From news radio networks to respected newspapers to pure players, French media find mobile "difficult" and "complicated".
This morning at a hip co-working space for startups in the heart of Paris, leaders from the French media participated in a round table discussion of the future of the media on mobile. The panel was moderated by the associate dean of the Journalism School at Sciences Po, Alice Antheuame (@alicanth), who defined three themes for the morning:
- How do we consume news on mobile in France?
- What editorial strategy should we put in place for this consumption pattern?
- How do we organise our teams around this editorial strategy?
The panel participants represented a varied cross section of the French media, with both established players and relative newcomers.
- Edouard Andrieu, Head of digital product development for daily newspaper Le Monde (@EdouardAndrieu)
- Yann Guegan, Associate editor at online news outlet Rue 89 (@yannguegan)
- Olivier Friesse, Technical director of new media at public network Radio France (@noisetteprod)
- Baptiste Bénezet, CEO at mobile development firm Applidium (@Ba_B)
How do we consume news on mobile in France?
Amongst the panelists, there was general agreement on the habits of mobile readers, with audience peaks at around 7 in the morning, then again at lunch time around 12, and a final smaller peak as readers get off work around 6pm. This was true for all but Andrieu at Le Monde, who pointed out that the paper's news alerts, sent in the form of push notifications, are now primary drivers of mobile traffic, and so mobile consumption no longer follows the standard patterns. Andrieu elaborated on this alerts strategy, describing a system Le Monde has that allows the team to chose whether an alert is also accompanied by a sound or not. The paper therefore sends silent alerts to readers during the night and early morning, he added. This is an interesting way for Le Monde to reach French expats who are consuming its journalism in other time zones, and something worth considering for other global news brands.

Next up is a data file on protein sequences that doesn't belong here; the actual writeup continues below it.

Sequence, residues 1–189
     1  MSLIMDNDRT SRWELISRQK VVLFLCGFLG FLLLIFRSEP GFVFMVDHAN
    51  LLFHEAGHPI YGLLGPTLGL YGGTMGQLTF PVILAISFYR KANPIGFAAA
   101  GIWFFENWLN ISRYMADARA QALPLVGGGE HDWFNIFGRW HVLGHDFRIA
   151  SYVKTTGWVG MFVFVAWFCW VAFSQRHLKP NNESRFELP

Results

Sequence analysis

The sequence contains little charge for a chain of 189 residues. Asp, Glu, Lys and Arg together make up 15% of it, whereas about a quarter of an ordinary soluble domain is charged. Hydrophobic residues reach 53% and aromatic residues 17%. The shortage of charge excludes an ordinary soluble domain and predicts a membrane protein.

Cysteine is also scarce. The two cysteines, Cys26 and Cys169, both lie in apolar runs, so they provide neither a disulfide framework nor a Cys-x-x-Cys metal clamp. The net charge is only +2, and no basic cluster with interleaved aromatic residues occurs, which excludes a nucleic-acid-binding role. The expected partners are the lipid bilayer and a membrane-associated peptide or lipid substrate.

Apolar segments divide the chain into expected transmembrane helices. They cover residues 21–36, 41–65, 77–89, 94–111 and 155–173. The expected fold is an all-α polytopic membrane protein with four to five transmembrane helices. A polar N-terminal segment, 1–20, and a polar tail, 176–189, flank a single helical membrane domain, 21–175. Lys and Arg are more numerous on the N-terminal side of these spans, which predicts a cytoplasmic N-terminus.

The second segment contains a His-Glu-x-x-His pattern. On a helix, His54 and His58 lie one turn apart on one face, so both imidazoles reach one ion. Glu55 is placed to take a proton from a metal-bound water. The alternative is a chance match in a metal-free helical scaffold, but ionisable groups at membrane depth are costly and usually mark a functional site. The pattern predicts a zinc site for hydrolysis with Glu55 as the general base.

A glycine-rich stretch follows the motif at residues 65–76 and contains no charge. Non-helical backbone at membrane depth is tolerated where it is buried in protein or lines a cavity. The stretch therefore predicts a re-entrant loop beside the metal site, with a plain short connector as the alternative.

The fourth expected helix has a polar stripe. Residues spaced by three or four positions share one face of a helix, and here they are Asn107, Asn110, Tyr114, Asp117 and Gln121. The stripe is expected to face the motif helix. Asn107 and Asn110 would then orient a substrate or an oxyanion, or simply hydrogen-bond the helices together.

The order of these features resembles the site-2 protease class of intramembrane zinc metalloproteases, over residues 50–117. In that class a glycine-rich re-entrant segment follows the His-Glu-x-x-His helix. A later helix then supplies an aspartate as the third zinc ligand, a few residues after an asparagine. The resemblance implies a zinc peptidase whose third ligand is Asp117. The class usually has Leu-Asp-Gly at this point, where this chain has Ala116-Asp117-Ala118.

For Radio France, alerts also play a big role in its strategy, however Friesse was quick to flag up the significant delay his team has tracked between sending a push alert, and it being received by RF's 8 million mobile users. According to their data, it takes 2-3 minutes to submit an alert to Apple, and anywhere from 20-30 minutes for Apple to push that alert out to the recipients. Rue 89 has not integrated push alerts into its mobile strategy yet, although Guegan said the outlet would not be using pushes for breaking news like the other panelists.
This first theme finished up with Andrieu sharing that although results show the mobile audience is younger and more urban, he's skeptical of the stats, and thinks it's too early to tell exact demographics. What they have been able to determine is that mobile readers scan many titles quickly, but some spend even longer reading individual articles on mobile than online. This seems paradoxical when the general assumption is that mobile consumption takes place while users are mobile, leading to more skimming and less deep dives into content.
What editorial strategy should we put in place for this consumption pattern?
From a production standpoint, mobile has changed the timing of Rue89's publishing, as it tries to keep a balance between what readers "need" to be informed of in the mornings, and what readers "want" to read about in the evenings. The editorial team also had to change their news cycle, which was previously in line with regular office hours, because they realised that mobile readers were checking for updates before they got into the office, and still seeing headlines from the night before.